Posts Tagged ‘Barbara Cooney’


Two Songs and One Story

July 17, 2020

A light touch with meaning

In 1985 Barbara Cooney wrote the children’s book Miss Rumphius and interwoven through the book is the simple message: “do something to make the world more beautiful.” 

Last month in the DownEast magazine Virginia M. Wright wrote the article Why We Love Miss Rumphius Now More Than EverThe message is one that all Maine citizens can relate to as we drive anywhere in Maine these days and see the lupines growing. It’s an amazing site to behold and a chance to pause and consider ~what am I doing to make the world a more beautiful place? 

I sat next to Barbara Cooney on a plane in 1990. As the article says: Barbara Cooney didn’t care for sugary tales. “It does not hurt [children] to read about good and evil, love and hate, life and death,” the author and illustrator said in her 1959 Caldecott Award acceptance speech. “Nor do I think they should read only about things that they understand. … A man’s reach should exceed his grasp. So should a child’s. I will never talk down to — or draw down to — children.”

We have an opportunity as educators to read and learn and consider what action to take about what is going on in the world. If you’re looking for RESOURCES please check out the BLOG POST that is growing everyday with Social Justice resources.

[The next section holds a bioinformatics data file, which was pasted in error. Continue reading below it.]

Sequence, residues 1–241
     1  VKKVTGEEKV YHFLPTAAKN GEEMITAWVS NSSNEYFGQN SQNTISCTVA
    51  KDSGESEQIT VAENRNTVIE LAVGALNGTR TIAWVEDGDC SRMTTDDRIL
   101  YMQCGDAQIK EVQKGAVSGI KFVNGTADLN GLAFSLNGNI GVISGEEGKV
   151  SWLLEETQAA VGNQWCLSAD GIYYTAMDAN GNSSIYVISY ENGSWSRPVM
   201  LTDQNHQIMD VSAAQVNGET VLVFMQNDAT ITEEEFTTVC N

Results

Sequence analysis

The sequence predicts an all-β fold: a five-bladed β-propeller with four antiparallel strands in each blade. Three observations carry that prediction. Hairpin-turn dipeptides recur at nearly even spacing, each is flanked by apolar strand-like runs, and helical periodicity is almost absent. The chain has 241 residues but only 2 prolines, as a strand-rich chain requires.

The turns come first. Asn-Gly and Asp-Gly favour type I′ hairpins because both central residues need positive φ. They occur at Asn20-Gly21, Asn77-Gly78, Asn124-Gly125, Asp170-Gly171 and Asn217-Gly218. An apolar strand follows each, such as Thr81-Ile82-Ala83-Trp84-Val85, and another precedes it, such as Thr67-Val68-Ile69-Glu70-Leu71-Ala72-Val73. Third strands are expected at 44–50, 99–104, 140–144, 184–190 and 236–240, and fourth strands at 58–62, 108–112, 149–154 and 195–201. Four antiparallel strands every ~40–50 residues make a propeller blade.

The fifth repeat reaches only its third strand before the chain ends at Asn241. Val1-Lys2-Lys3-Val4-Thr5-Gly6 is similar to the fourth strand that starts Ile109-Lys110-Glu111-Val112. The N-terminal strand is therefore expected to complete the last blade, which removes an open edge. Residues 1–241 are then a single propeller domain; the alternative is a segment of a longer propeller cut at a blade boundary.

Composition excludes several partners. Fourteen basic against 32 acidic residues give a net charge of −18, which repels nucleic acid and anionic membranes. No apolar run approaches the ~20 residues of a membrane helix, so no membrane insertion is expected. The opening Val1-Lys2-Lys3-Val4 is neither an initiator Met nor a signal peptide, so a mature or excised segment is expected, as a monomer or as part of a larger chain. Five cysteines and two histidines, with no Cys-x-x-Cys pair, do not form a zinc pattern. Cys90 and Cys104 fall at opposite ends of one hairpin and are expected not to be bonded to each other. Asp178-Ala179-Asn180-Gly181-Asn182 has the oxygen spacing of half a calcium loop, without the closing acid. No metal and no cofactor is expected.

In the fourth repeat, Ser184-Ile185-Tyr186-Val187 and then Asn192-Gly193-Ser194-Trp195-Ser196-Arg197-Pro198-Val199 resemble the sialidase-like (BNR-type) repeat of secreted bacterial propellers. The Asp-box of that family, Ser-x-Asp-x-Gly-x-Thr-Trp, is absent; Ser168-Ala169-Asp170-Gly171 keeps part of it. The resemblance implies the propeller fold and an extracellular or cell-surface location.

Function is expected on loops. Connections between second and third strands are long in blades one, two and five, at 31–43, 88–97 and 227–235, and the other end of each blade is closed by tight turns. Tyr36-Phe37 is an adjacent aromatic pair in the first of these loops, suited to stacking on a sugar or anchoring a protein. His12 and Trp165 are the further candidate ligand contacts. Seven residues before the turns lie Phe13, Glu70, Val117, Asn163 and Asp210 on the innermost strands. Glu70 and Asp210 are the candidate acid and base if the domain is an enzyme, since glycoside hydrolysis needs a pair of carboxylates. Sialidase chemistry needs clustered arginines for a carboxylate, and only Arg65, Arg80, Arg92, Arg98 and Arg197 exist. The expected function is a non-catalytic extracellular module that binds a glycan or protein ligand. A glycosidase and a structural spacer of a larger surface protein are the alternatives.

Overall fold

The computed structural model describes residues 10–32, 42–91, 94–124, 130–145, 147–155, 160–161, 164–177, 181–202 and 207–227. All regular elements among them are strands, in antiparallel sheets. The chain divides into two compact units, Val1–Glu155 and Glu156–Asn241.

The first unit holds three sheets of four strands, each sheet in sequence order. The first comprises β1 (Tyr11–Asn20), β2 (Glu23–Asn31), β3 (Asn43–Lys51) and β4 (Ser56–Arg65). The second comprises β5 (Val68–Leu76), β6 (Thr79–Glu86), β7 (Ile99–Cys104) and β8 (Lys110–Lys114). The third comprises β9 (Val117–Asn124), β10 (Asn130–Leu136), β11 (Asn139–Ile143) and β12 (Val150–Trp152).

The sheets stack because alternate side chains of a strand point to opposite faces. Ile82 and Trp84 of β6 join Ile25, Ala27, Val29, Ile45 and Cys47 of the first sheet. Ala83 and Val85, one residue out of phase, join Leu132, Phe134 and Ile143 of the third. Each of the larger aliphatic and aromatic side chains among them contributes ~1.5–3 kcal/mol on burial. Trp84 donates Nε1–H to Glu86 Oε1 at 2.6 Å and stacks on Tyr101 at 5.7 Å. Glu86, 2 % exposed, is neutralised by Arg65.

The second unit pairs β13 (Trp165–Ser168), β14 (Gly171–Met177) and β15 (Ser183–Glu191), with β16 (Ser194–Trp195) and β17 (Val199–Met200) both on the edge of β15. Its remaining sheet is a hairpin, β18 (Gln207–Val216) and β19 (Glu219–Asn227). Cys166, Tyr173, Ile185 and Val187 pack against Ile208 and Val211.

Don’t Worry Be Happy

What the World Needs Now



June 13, 2019

Miss Rumphius

Many of you are familiar with the children’s book Miss Rumphius. Written and illustrated by Barbara Cooney, the story describes how lupines got their start and spread over our state. Since it is the time of year when the lupines are starting to bloom I was interested in the history of the beautiful flowers. It took me several years to grow them. I tried new seeds, collected seeds from other lupines, friends gave me them from their lands, I bought plants from plant sales and new plants from several different garden stores. Finally they took hold and now I am mowing less of my lawn so the little plants can spread and spread. I do love them!

Perhaps you use the story as part of a lesson. My favorite part of the book is when Miss Rumphius tells her niece “You must do something to make the world more beautiful. ” You can read the real story from the New England Historical Society.

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